Giant underground water system discovered under Antarctica ice

Many scientists say liquid water is the key to understanding the behavior of the frozen form found in glaciers. It is known that melt water softens its gravel bases and speeds up its march towards the sea. In recent years, researchers in Antarctica have discovered hundreds of interconnected liquid lakes and rivers located in the ice itself. They envisioned thick basins of sediment under the ice, potentially containing the largest reservoirs of water ever. But until now, no one has confirmed the presence of significant amounts of liquid water in the sediments under the ice, and no one has studied how it might interact with the ice.

In late 2018, a U.S. Air Force LC-130 Gustafson, along with geophysicist Lamont Doherty, Kerry Key, Colorado School of Mines geophysicist Matthew Siegfried, and mountaineer Megan Seifert, departed in Whillans. Its task is to better map the sediments and their properties using geophysical instruments placed directly on the surface. Far from any help if something went wrong, it would take six grueling weeks of traveling, digging in the snow, planting tools, and performing countless other tasks.

sediment in a lot of water

The team used a technology called magnetic imaging, which measures the penetration of natural electromagnetic energy generated in the planet’s atmosphere into the Earth. Glacial water, sediment, fresh, salty, and rocky water all conduct electromagnetic energy to varying degrees; By measuring the differences, researchers can create MRI-like maps of different items. The team planted their tools in snow pits for a day or two, then dug them up and moved them, eventually taking readings at about forty locations. They also reanalyzed natural seismic waves emanating from the Earth that were collected by another team to help characterize bedrock, sediments and ice.

Their analysis showed that, depending on the location, the sediment extends below the ice base from half a kilometer to nearly two kilometers before it reaches the bedrock. They confirmed that the sediment was filled with liquid water along the way. The researchers estimate that, if fully extracted, it would form a column of water 220 to 820 meters high – at least 10 times higher than the shallow hydrological systems at and at the base of the ice – and possibly much more. .

Salt water conducts energy better than fresh water, so they were also able to show that groundwater becomes saltier with depth. This makes sense, Key said, because he believes the sediments formed in a marine environment a long time ago. It is likely that ocean waters last reached the area now covered by Whillans during a warm period about 5,000 to 7,000 years ago, saturating the sediments with salt water. When the ice moved forward again, it was evident that the melt water created by pressure from the top and friction at the base of the ice had been visibly pushed into the upper sediments. Key said he may continue to filter and mingle today.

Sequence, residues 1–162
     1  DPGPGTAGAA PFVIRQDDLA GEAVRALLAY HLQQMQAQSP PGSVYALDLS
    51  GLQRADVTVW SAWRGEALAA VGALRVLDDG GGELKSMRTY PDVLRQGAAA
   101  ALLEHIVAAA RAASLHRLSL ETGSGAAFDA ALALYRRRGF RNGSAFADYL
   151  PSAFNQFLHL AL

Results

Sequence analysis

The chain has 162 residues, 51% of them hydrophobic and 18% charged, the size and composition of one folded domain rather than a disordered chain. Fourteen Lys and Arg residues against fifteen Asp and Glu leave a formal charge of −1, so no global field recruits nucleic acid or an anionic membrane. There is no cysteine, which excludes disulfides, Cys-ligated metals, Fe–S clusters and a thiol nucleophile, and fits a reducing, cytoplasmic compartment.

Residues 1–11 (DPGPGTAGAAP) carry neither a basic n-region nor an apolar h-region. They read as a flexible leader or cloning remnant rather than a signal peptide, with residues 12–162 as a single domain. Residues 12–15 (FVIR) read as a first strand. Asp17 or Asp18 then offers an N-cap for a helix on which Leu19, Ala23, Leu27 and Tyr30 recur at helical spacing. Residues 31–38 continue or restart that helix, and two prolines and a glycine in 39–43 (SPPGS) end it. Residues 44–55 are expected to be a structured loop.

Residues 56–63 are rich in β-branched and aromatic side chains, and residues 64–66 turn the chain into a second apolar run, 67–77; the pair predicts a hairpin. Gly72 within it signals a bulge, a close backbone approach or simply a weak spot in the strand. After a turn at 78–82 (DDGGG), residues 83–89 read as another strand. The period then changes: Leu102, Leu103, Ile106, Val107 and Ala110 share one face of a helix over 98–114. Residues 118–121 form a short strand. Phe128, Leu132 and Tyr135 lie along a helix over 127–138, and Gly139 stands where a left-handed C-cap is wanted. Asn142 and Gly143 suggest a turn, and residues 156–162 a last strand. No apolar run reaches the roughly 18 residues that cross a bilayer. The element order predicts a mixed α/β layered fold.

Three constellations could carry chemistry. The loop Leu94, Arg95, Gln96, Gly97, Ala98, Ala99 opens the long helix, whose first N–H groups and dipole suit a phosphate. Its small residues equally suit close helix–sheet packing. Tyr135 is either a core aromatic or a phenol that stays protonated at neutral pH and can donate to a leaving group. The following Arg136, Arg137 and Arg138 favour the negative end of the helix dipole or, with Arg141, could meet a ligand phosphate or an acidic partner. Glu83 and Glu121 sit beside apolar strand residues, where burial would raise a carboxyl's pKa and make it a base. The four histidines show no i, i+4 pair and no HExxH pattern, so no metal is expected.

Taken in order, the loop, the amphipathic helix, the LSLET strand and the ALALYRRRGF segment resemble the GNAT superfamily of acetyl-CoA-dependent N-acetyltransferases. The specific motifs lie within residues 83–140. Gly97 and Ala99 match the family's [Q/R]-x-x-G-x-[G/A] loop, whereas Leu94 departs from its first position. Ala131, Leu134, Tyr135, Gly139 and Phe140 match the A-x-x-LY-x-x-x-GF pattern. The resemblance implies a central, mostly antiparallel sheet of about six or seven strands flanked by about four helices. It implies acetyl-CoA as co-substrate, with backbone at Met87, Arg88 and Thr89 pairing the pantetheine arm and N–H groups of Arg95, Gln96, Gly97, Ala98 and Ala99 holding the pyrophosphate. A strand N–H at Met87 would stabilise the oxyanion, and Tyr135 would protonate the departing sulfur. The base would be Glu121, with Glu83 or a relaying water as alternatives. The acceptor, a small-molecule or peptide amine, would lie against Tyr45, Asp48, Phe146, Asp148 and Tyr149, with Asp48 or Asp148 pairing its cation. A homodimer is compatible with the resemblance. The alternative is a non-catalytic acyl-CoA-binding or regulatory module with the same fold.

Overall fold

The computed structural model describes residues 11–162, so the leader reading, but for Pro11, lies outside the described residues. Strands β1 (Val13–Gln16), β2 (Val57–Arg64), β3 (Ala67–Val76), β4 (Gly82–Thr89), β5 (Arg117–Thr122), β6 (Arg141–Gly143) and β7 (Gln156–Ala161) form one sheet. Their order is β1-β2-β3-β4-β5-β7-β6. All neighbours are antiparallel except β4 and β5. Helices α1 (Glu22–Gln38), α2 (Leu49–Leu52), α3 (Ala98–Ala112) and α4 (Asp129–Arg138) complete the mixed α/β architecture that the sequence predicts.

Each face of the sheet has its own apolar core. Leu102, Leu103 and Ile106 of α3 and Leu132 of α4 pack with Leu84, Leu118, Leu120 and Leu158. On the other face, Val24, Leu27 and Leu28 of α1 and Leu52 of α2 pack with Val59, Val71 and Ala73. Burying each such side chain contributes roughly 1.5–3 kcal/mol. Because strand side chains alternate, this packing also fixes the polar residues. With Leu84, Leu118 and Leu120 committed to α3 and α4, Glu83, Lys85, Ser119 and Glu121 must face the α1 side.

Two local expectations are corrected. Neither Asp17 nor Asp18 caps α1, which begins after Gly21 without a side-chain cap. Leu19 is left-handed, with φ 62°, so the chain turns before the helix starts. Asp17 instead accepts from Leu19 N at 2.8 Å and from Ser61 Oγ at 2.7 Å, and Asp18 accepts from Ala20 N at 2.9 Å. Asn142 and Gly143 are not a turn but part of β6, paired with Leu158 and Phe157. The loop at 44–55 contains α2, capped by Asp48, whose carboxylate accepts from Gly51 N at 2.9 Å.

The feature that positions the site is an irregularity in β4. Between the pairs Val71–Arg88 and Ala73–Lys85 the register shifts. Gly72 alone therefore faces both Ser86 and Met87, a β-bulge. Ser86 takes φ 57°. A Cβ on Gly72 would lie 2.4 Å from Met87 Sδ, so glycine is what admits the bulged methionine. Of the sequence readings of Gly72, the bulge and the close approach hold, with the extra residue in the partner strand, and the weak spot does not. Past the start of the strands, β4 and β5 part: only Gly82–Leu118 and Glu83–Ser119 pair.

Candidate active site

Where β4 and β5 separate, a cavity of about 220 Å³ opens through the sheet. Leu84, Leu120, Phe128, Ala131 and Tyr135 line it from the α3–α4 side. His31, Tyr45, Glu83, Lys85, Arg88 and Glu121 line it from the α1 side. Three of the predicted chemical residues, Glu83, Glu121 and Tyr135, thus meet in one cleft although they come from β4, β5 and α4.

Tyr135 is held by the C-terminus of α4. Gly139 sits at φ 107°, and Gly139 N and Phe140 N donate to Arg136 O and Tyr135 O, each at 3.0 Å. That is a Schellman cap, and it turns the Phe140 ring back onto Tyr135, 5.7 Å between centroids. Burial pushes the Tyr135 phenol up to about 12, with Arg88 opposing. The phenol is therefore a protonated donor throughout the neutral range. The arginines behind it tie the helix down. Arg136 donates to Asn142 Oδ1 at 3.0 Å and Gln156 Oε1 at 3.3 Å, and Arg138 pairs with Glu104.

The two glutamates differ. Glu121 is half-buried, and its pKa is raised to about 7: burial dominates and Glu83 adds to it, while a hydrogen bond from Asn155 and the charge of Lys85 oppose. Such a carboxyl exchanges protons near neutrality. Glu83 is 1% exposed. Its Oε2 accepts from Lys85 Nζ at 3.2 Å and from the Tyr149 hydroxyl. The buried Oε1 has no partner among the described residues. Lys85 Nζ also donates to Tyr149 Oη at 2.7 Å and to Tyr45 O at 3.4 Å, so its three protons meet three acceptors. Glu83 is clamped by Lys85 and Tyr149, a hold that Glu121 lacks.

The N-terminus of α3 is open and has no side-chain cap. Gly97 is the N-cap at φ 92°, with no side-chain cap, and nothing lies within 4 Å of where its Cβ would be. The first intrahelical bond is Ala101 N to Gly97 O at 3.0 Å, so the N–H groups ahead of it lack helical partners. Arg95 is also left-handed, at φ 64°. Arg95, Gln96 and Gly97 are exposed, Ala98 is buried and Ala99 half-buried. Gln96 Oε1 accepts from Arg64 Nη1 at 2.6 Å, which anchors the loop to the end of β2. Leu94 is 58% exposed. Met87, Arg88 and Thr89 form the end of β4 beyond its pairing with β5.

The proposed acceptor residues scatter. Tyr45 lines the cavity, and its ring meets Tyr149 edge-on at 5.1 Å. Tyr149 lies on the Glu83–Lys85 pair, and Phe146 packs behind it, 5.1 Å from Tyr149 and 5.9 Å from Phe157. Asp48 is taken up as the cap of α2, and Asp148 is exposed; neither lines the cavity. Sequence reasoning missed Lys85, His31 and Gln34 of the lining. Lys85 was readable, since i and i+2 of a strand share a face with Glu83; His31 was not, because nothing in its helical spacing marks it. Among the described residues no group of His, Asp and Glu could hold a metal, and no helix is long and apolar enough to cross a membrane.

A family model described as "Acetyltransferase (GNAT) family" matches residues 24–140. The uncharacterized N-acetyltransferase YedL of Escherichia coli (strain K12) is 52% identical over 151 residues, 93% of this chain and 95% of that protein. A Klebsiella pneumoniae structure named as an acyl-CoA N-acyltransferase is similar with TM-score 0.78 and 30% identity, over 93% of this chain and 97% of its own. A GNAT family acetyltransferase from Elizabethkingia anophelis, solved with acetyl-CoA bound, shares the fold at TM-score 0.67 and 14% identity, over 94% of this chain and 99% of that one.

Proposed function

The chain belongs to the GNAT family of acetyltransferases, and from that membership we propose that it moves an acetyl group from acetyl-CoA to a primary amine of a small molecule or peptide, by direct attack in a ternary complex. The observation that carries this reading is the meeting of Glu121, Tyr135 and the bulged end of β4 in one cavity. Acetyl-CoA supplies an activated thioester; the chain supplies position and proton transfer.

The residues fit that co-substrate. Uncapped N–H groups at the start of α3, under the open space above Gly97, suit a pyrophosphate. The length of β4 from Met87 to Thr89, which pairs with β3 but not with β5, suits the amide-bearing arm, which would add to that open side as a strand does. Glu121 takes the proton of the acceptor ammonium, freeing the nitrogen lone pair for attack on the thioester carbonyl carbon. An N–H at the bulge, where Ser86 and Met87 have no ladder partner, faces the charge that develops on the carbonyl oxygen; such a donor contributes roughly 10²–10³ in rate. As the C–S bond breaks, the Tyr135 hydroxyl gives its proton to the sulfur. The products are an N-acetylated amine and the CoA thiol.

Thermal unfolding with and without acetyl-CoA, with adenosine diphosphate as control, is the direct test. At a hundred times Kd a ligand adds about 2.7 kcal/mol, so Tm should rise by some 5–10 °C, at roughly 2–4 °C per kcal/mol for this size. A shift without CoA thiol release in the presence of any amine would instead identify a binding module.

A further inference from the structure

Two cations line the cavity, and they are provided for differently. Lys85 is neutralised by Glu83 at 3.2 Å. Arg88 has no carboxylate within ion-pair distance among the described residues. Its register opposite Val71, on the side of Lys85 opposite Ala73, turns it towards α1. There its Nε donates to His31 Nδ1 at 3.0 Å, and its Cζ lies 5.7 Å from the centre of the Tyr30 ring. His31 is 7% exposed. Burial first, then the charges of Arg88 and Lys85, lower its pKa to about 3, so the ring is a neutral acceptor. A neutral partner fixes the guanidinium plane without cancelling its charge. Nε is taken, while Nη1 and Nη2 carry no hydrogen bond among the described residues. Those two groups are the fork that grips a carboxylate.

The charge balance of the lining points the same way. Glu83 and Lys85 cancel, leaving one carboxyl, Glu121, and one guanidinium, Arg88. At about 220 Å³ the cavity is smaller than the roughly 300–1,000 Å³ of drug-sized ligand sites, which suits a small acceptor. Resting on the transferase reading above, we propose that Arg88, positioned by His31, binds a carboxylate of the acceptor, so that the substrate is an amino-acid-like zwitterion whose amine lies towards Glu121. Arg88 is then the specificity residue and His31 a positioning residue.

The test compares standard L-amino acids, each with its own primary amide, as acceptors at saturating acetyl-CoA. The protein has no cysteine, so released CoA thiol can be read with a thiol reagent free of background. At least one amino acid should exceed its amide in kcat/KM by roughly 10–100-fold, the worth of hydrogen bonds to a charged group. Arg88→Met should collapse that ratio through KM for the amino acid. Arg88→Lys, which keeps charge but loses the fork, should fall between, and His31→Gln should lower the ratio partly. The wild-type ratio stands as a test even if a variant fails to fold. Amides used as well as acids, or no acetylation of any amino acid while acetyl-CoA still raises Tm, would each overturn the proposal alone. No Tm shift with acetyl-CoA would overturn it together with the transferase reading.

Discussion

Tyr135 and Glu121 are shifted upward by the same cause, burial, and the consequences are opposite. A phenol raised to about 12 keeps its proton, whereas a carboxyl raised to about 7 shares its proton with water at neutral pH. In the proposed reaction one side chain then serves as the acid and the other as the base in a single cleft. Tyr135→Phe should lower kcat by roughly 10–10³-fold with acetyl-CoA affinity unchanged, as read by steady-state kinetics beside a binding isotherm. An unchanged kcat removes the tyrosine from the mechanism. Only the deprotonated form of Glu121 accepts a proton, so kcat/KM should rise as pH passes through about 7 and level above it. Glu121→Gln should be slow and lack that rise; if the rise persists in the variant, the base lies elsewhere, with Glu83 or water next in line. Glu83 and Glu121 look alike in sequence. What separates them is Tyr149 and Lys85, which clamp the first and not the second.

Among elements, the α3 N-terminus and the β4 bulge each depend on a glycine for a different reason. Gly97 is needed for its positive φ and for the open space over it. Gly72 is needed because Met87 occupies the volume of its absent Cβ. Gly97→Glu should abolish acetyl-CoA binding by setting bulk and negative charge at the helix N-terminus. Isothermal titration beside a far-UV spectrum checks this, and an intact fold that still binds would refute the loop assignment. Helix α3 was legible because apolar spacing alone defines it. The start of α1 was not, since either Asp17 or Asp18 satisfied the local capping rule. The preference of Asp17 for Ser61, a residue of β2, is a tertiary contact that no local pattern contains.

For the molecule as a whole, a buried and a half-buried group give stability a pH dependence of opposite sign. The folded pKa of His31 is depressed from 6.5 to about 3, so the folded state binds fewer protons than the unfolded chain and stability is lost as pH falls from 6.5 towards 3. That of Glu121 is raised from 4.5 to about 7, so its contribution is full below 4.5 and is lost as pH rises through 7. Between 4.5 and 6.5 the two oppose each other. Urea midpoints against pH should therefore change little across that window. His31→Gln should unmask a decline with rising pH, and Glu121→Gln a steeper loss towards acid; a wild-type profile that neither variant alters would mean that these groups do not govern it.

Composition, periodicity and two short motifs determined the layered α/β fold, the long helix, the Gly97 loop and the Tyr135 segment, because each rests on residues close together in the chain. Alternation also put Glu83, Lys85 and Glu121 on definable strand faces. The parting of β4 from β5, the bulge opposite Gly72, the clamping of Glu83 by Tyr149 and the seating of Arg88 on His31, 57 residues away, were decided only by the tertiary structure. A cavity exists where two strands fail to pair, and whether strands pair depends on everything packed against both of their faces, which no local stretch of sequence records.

The researchers say this slow draining of fresh water into the sediment can prevent water from accumulating at the base of the ice. This can act as a curb on the forward movement of the ice. Measurements taken by other scientists at the land line of the ice stream – the point where the ground ice stream meets the floating ice shelf – show that the water there is slightly less saline than normal seawater. This indicates that fresh water flows through the sediment into the ocean, making way for more meltwater to enter and keeping the system stable.

research questions

However, the researchers say, if the surface of the ice is thin – a distinct possibility as the climate warms – the direction of the water flow can be reversed. Suspended pressures will decrease and deep groundwater can begin to flow toward the ice base. This can increase the lubrication of the ice base and increase its forward movement. (Whillans are already moving the ice toward the sea at a rate of about a meter per day—too fast for glacial ice.) Also, if deep groundwater is flowing upward, it can transfer naturally generated geothermal heat in the bedrock; This may melt the ice base and push it forward. But it is not clear if and to what extent this will happen.

“Ultimately, we don’t have significant limitations on sediment permeability or the speed with which the water flows,” Gustafson said. “Will it make a huge difference in generating an out-of-control reaction? Or does groundwater play a minor role in the grand scheme of ice flow?”

The known presence of microbes in the shallow sediments adds another suspicion, the researchers say. It is probable that this basin and others were inhabited below; And if groundwater begins to rise, it will bring in dissolved carbon that these organisms use. The lateral flow of groundwater will then send some of this carbon to the ocean. This would turn Antarctica into a hitherto unthinkable carbon source for a world it’s already swimming in. The question is whether that will have any significant impact, Gustavon said again.

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